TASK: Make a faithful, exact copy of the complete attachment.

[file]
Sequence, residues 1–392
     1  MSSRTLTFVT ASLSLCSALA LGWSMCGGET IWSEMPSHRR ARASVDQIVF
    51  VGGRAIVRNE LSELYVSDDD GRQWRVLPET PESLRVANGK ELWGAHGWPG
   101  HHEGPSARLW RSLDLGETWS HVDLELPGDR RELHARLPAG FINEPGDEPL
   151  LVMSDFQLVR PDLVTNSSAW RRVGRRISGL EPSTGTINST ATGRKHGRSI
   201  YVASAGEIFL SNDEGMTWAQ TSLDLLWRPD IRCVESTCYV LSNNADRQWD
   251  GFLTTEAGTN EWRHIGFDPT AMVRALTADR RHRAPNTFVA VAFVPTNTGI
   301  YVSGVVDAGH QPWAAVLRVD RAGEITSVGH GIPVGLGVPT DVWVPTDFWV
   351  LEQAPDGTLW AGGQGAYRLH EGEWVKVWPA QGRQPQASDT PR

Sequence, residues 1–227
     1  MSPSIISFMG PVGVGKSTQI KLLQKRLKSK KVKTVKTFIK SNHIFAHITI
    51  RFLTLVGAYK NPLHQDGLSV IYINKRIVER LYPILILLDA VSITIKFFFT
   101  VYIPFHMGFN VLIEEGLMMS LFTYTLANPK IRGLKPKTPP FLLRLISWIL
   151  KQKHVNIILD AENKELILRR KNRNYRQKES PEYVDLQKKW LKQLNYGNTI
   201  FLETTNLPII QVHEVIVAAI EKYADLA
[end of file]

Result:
Sequence, residues 1–392
     1  MSSRTLTFVT ASLSLCSALA LGWSMCGGET IWSEMPSHRR ARASVDQIVF
    51  VGGRAIVRNE LSELYVSDDD GRQWRVLPET PESLRVANGK ELWGAHGWPG
   101  HHEGPSARLW RSLDLGETWS HVDLELPGDR RELHARLPAG FINEPGDEPL
   151  LVMSDFQLVR PDLVTNSSAW RRVGRRISGL EPSTGTINST ATGRKHGRSI
   201  YVASAGEIFL SNDEGMTWAQ TSLDLLWRPD IRCVESTCYV LSNNADRQWD
   251  GFLTTEAGTN EWRHIGFDPT AMVRALTADR RHRAPNTFVA VAFVPTNTGI
   301  YVSGVVDAGH QPWAAVLRVD RAGEITSVGH GIPVGLGVPT DVWVPTDFWV
   351  LEQAPDGTLW AGGQGAYRLH EGEWVKVWPA QGRQPQASDT PR

Sequence, residues 1–227
     1  MSPSIISFMG PVGVGKSTQI KLLQKRLKSK KVKTVKTFIK SNHIFAHITI
    51  RFLTLVGAYK NPLHQDGLSV IYINKRIVER LYPILILLDA VSITIKFFFT
   101  VYIPFHMGFN VLIEEGLMMS LFTYTLANPK IRGLKPKTPP FLLRLISWIL
   151  KQKHVNIILD AENKELILRR KNRNYRQKES PEYVDLQKKW LKQLNYGNTI
   201  FLETTNLPII QVHEVIVAAI EKYADLA